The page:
- A new kind of BTE aid is an open-fit hearing aid. Small, open-fit aids fit behind the ear completely, with only a narrow tube inserted into the ear canal, enabling the canal to remain open. For this reason, open-fit hearing aids may be a good choice for people who experience a buildup of earwax, since this type of aid is less likely to be damaged by such substances. In addition, some people may prefer the open-fit hearing aid because their perception of their voice does not sound “plugged up.”
- In-the-ear (ITE) hearing aids fit completely inside the outer ear and are used for mild to severe hearing loss. The case holding the electronic components is made of hard plastic. Some ITE aids may have certain added features installed, such as a telecoil. A telecoil is a small magnetic coil that allows users to receive sound through the circuitry of the hearing aid, rather than through its microphone. This makes it easier to hear conversations over the telephone. A telecoil also helps people hear in public facilities that have installed special sound systems, called induction loop systems. Induction loop systems can be found in many churches, schools, airports, and auditoriums. ITE aids usually are not worn by young children because the casings need to be replaced often as the ear grows.
- Canal aids fit into the ear canal and are available in two styles. The in-the-canal (ITC) hearing aid is made to fit the size and shape of a person’s ear canal. A completely-in-canal (CIC) hearing aid is nearly hidden in the ear canal. Both types are used for mild to moderately severe hearing loss.
- Because they are small, canal aids may be difficult for a person to adjust and remove. In addition, canal aids have less space available for batteries and additional devices, such as a telecoil. They usually are not recommended for young children or for people with severe to profound hearing loss because their reduced size limits their power and volume.
A hearing aid is a small electronic device that you wear in or behind your ear. It makes some sounds louder so that a person with hearing loss can listen, communicate, and participate more fully in daily activities. A hearing aid can help people hear more in both quiet and noisy situations. However, only about one out of five people who would benefit from a hearing aid actually uses one.
A hearing aid has three basic parts: a microphone, amplifier, and speaker. The hearing aid receives sound through a microphone, which converts the sound waves to electrical signals and sends them to an amplifier. The amplifier increases the power of the signals and then sends them to the ear through a speaker.
Hearing aids are primarily useful in improving the hearing and speech comprehension of people who have hearing loss that results from damage to the small sensory cells in the inner ear, called hair cells. This type of hearing loss is called sensorineural hearing loss. The damage can occur as a result of disease, aging, or injury from noise or certain medicines.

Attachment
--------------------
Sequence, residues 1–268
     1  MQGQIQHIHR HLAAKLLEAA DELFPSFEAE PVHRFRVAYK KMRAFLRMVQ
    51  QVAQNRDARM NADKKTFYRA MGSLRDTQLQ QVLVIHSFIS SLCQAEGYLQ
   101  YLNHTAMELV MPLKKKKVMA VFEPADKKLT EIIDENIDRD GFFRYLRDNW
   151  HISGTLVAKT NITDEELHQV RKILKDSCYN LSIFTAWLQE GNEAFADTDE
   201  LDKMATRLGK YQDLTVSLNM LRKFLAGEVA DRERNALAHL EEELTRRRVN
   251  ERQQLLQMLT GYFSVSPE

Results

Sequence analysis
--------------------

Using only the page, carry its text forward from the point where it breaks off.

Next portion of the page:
A hearing aid magnifies sound vibrations entering the ear. Surviving hair cells detect the larger vibrations and convert them into neural signals that are passed along to the brain. The greater the damage to a person’s hair cells, the more severe the hearing loss, and the greater the hearing aid amplification needed to make up the difference. However, there are practical limits to the amount of amplification a hearing aid can provide. In addition, if the inner ear is too damaged, even large vibrations will not be converted into neural signals. In this situation, a hearing aid would be ineffective.
Hearing aids work differently depending on the electronics used. The two main types of electronics are analog and digital.
Analog aids convert sound waves into electrical signals, which are amplified. Analog/adjustable hearing aids are custom built to meet the needs of each user. The aid is programmed by the manufacturer according to the specifications recommended by your audiologist. Analog/programmable hearing aids have more than one program or setting. An audiologist can program the aid using a computer, and the user can change the program for different listening environments—from a small, quiet room to a crowded restaurant to large, open areas, such as a theater or stadium. Analog/programmable circuitry can be used in all types of hearing aids. Analog aids usually are less expensive than digital aids.
Digital aids convert sound waves into numerical codes, similar to the binary code of a computer, before amplifying them. Because the code also includes information about a sound’s pitch or loudness, the aid can be specially programmed to amplify some frequencies more than others. Digital circuitry gives an audiologist more flexibility in adjusting the aid to a user’s needs and to certain listening environments. These aids also can be programmed to focus on sounds coming from a specific direction. Digital circuitry can be used in all types of hearing aids.
If you think you might have hearing loss and could benefit from a hearing aid, visit your physician, who may refer you to an otolaryngologist or audiologist. An otolaryngologist is a physician who specializes in ear, nose, and throat disorders and will investigate the cause of the hearing loss. An audiologist is a hearing health professional who identifies and measures hearing loss and will perform a hearing test to assess the type and degree of loss.
Hearing aids take time and patience to use successfully. Wearing your aids regularly will help you adjust to them.